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China is boosting its aircraft carrier power, but this fighter jet may be holding it back

Ryan Pickrell
China is boosting its aircraft carrier power, but this fighter jet may be holding it back
  • China's state media has been cheering the country's carrier-based fighters - the Shenyang J-15 Flying Sharks, but the fighter may be a hindrance to China's broader carrier ambitions.
  • The aircraft is too big, too heavy, and too unreliable for carrier operations. These issues, together with deficiencies in China's carrier capabilities, could prove difficult to overcome.
  • China also appears to be lacking a sufficient number of carrier-based fighters. There are rumours that the country intends to replace the fourth-generation fighters with a more suitable alternative.

China is touting its improved aircraft carrier capabilities, but one of the biggest obstacles to having the world's second-most powerful carrier fleet remains its troubled carrier-based fighter - the J-15 Flying Shark.

Striving to build a blue-water navy suitable for global operations, China expects to have four operational carrier battle groups within the next decade. China already has one active carrier, another undergoing sea trials, and another one in development. Experts speculate that while the first two appear to be limited in their combat capabilities, the third carrier could be a "huge step forward."

In several state media publications, China cheered its carrier-based fighter jet force for achieving "breakthroughs" since its establishment a little over five years ago. Chinese media said Navy pilots have qualified to take off and land the J-15 fighter on the Liaoning, China's first and only active aircraft carrier. "An elite team among the pilots also has carried out night landings, widely considered the riskiest carrier-based action, and have become capable of performing round-the-clock, all-weather operations," the China Daily reported Wednesday.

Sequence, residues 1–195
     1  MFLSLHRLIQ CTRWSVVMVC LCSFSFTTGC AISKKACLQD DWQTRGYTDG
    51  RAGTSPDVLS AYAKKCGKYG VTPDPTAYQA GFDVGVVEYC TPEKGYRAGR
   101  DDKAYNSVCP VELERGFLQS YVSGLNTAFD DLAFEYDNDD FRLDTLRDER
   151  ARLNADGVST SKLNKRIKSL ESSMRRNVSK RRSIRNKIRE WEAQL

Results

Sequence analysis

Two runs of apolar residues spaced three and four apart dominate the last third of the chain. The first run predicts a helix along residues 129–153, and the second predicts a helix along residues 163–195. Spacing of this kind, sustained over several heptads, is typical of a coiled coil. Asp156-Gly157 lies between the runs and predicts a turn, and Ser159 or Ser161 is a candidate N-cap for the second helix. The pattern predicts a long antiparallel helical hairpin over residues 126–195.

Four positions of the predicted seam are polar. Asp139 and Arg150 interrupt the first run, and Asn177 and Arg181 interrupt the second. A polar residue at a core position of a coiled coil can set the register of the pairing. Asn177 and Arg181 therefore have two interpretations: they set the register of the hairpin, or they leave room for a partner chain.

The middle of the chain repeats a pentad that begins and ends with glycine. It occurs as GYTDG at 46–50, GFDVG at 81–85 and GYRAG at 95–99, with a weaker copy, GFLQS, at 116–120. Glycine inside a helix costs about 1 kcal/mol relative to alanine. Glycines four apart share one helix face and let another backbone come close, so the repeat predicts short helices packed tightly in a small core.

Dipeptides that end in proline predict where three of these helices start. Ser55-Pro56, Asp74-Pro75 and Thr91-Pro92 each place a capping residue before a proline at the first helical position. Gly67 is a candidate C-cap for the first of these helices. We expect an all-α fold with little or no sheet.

https://twitter.com/ChinaDailyUSA/status/1039876446796304384?ref_src=twsrc^tfw

The Global Times ran a video Thursday of Chinese J-15s conducting night operations from the deck of the Liaoning carrier.

https://twitter.com/globaltimesnews/status/1040132974887366656?ref_src=twsrc^tfw

The J-15 is far from the most suitable aircraft for carrier operations. Not only is it too big and too heavy, with an unarmed take-off weight of 17.5 tons as compared to the US F/A-18 Super Hornet's 14.6 tons, but it can be rather unreliable. Problems with the aircraft, especially the flight control systems, are believed to be behind several fatal training accidents, the Asia Times reported.

The weight issues really come into play on a ship like the Liaoning, which uses a ski jump-assisted short take-off but arrested recovery (STOBAR) launch system. This system - as opposed to steam or electromagnetic catapult-assisted take-off but arrested recovery (CATOBAR) launch systems used on US carriers - strain the aircraft and tend to force reductions in operational range, payload size, and sortie frequency.

The J-15, a reverse engineered version of a Soviet-era prototype, is rumoured to be getting a new engine, which could boost its capabilities, but a new carrier-based fighter will eventually be necessary. China is reportedly considering replacing the fourth-generation fighter jets with a lighter and more capable aircraft. Nonetheless, Chinese military experts expect the J-15 to "remain the backbone of China's carrier battle groups in the future," according to the South China Morning Post.

Perhaps the biggest problem with the J-15 is the lack of them. As production and deployment rates are low, the Chinese People's Liberation Army reportedly has only 30-40 of these fighters. The Liaoning needs 24 to form a full combat-ready fighter squadron, and the soon-to-be-commissioned second carrier will need roughly the same amount to stand up a fighter wing.

"As a big power, China needs more carrier-based warplanes to support its naval ambitions, especially with its first home-grown aircraft carrier entering the final phase of sea trials and likely to go into service next year," Li Jie, a Beijing-based naval expert, told SCMP.

As China works to build up its naval fleet and expand its capabilities, especially those of its carriers, China will need to overcome challenges, such as number of trained pilots, power and propulsion issues, launch system problems, and a limited knowledge of carrier operations.